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How to Cook Arugula

Arugula is a versatile green that can be easily incorporated into meals using a variety of methods.

How to Cook Arugula

Since B&W Quality Growers offers arugula in conveniently double washed packages, storage & prep is a cinch. There are different variations of cooking arugula and using it meals, whether the leafy green is used in a refreshing salad to enhance its natural flavors or incorporated into an entrée to provide a peppery kick.

Two basic ways you can cook arugula is by steaming it in a saucepan or sautéing it in a skillet, drizzling it with olive oil, and finishing it off with a touch of salt for a flavorful side dish. Other methods include wilting the flavorful leaves in a pot of hot pasta to add texture and a tasty kick, substituting arugula for basil in pesto sauce, and adding it to sandwiches for an extra boost of flavor. Need some ideas? Read up on various arugula side dishes, salads, and sandwiches in our recipe section.

Eat Arugula like an Italian

As big as arugula has become in North America, the true professionals when it comes to cooking arugula dishes are the Italians. Called rucola and rughetta, arugula is commonly found in varied cuisines throughout the country such as Neapolitan, Tuscan, Venetian and Lombardian.

Preferring cool climates, arugula bolts in the summer and flourishes in the fall. For Italians, it seems to supplant basil as a cooking herb, which starts to fade in late summer and then disappears until spring. Fortunately, here in America, we can find young arugula leaves year-round from both local markets and national distribution, like B&W Quality Growers, who have specialized in baby leaves for over 140 years.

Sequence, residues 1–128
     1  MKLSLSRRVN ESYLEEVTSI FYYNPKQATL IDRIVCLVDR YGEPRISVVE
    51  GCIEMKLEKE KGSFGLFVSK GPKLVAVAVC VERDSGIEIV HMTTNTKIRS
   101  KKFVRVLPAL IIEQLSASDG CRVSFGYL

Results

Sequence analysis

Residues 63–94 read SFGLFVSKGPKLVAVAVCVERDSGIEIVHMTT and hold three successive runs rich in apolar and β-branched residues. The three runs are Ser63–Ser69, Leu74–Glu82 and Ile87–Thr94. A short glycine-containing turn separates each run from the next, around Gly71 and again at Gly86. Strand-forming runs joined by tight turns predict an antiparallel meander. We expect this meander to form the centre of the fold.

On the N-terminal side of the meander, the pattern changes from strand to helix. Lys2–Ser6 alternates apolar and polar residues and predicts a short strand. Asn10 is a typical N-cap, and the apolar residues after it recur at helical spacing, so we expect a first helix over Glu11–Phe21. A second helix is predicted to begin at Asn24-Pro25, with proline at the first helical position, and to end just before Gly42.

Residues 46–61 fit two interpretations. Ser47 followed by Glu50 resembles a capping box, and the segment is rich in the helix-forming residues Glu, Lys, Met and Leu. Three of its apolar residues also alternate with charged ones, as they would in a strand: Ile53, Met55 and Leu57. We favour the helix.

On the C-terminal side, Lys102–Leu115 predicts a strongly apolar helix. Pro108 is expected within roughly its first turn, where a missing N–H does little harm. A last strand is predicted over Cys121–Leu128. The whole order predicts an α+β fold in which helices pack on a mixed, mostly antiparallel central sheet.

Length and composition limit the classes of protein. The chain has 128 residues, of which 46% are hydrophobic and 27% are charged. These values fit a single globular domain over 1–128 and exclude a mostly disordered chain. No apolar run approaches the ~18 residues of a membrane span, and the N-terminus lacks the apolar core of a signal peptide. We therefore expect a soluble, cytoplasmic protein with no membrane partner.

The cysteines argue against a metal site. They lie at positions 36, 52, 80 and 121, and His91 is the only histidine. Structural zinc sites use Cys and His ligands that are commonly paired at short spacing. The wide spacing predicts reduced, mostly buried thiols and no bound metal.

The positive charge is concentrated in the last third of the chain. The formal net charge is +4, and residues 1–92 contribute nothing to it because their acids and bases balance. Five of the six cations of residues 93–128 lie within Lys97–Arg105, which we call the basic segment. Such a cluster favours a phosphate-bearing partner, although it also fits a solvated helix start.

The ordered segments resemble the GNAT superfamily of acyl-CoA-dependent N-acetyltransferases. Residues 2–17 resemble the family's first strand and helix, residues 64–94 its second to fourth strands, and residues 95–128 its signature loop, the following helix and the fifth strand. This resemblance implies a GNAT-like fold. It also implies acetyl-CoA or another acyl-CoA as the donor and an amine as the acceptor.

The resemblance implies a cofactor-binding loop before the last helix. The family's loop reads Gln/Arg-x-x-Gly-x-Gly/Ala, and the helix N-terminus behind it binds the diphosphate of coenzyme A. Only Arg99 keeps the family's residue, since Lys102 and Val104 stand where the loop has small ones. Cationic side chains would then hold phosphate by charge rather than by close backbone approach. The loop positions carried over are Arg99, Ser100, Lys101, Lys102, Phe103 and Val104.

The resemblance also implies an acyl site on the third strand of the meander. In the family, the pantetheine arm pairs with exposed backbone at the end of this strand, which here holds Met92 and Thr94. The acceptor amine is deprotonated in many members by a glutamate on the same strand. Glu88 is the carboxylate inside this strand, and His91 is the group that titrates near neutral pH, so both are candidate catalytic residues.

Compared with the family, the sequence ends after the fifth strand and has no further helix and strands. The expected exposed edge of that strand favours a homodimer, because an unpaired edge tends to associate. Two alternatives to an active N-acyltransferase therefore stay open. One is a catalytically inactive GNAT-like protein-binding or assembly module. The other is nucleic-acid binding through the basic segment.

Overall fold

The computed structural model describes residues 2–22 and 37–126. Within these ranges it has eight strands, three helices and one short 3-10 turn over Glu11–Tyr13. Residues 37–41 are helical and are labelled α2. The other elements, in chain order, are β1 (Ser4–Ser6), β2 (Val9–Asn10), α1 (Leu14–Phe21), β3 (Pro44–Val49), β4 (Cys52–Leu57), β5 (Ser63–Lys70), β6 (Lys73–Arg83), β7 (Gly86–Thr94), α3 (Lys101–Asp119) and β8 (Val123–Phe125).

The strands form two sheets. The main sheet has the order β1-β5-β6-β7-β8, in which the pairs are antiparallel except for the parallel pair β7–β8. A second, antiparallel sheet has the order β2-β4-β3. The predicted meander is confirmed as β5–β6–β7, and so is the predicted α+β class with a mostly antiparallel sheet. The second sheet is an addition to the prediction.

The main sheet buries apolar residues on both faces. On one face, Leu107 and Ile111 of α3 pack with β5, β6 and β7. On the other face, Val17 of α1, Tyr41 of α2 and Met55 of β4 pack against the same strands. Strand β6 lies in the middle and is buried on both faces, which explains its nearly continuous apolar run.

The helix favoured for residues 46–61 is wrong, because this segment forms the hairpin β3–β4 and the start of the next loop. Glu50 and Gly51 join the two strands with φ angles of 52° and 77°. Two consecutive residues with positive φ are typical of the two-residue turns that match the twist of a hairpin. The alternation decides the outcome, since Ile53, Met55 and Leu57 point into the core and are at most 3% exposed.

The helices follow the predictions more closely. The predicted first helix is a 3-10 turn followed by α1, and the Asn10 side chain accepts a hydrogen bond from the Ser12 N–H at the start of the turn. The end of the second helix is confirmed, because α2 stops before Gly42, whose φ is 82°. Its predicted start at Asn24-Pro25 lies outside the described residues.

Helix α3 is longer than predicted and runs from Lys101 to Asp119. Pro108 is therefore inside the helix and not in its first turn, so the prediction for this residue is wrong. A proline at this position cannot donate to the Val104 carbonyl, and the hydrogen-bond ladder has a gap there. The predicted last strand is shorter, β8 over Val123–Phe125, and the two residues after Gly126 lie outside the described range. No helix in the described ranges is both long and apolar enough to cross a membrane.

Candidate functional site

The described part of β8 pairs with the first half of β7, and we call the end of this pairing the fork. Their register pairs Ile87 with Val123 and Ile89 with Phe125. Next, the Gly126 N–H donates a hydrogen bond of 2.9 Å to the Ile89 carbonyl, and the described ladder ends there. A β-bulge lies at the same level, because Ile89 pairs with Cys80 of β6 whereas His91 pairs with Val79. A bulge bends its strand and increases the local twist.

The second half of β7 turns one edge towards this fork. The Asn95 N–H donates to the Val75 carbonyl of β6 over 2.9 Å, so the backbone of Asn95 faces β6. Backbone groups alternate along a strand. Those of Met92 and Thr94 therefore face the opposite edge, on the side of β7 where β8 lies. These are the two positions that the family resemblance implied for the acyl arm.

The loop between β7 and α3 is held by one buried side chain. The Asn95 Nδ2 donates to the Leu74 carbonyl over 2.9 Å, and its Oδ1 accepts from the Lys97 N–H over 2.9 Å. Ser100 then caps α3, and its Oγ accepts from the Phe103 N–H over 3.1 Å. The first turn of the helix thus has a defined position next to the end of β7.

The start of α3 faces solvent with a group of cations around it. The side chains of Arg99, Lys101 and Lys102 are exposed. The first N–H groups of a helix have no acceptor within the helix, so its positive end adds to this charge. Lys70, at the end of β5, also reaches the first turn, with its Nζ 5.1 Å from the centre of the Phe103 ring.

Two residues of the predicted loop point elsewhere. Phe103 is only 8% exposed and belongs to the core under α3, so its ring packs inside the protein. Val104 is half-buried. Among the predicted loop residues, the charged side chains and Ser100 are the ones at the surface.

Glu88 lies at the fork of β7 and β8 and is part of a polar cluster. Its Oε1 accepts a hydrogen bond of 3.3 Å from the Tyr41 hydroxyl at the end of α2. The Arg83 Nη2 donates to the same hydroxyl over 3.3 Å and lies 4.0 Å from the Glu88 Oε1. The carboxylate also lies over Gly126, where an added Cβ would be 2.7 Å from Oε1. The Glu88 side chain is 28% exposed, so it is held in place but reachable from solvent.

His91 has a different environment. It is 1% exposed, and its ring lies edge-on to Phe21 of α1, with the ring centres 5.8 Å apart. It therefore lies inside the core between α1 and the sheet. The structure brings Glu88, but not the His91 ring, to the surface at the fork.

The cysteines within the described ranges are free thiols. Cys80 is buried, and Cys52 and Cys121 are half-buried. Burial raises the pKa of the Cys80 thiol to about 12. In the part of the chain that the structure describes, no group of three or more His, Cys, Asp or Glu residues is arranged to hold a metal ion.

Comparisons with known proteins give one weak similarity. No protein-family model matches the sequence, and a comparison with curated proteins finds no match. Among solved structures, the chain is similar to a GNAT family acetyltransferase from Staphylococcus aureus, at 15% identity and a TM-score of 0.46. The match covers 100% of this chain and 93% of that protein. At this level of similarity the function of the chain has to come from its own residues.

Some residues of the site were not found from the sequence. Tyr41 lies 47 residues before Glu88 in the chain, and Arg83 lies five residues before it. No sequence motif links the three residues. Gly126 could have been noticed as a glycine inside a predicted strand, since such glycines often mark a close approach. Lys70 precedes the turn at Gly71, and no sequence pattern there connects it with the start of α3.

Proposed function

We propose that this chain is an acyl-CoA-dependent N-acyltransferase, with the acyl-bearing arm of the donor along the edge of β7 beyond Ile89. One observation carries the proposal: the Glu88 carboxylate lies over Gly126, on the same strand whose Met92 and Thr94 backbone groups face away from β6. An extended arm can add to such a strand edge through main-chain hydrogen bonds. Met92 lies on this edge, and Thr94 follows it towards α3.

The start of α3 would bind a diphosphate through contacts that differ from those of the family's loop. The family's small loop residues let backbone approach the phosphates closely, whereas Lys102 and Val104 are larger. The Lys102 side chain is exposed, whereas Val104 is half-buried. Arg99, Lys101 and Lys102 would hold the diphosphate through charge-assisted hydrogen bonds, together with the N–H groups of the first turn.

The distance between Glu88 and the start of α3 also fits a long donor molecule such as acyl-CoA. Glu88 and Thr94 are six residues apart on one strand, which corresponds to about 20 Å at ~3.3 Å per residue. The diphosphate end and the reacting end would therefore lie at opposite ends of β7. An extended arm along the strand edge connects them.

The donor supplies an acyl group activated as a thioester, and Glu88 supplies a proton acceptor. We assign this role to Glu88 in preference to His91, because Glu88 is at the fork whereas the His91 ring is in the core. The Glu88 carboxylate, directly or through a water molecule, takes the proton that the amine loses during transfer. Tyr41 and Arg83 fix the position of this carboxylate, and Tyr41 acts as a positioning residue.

Salad Course

Here, we toss arugula into salads to liven up the mix with its nutty, peppery flavor. In Italy, aside from injecting some zing into vegetable dishes, Italians cook arugula like a basil or parsley, using it to provide everything from a subtle background note to a refreshing jolt to the taste buds.

Unlike the robust salads featuring strong cheese and sugar-coated nuts characteristic of menus in states like California, the green salad course in Italy is usually simpler, perhaps with young arugula leaves and a little tender lettuce sparingly dressed with olive oil, lemon juice or vinegar, and salt and pepper. Italians generally value green salads as palate cleansers after the rich main course of meat or poultry, so arugula’s assertive tasting note is treasured for this purpose.

In Italy, arugula also shines as an element in composed salads used for antipasti or separate summer dinner courses, rather than served in addition to a regular meal. Few salads are more sublime than simple boiled potatoes with a light tossing of vinaigrette and, of course, chopped arugula. Likewise, a dusting of shredded arugula complements many room-temperature antipasti such as braised tender artichokes or barely cooked fava beans in oil and lemon juice.

First Course

Although arugula often graces antipasti and salads, it also regularly complements the first course in Italian meals. This can be soup, pasta, or rice, and Italians incorporate arugula into many of these dishes. It’s often stirred into soup at the last minute or added to pasta dishes, especially those with seafood, instead of basil or parsley. Arugula must never be fully cooked, however, as the leaves can turn from lively and flavorful to overly bitter and dull.

Other Dishes

Other dishes in Italian cuisine featuring arugula are the toasted bread appetizer, whether thick bruschetta or delicate crostini, or the large meat courses, where the flavorful leaf is used as a garnish. Clearly, arugula is a dynamic leaf that complements a multitude of dishes, from salads to main courses. Want to eat like an Italian? We recommend trying them all. Find recipes here.

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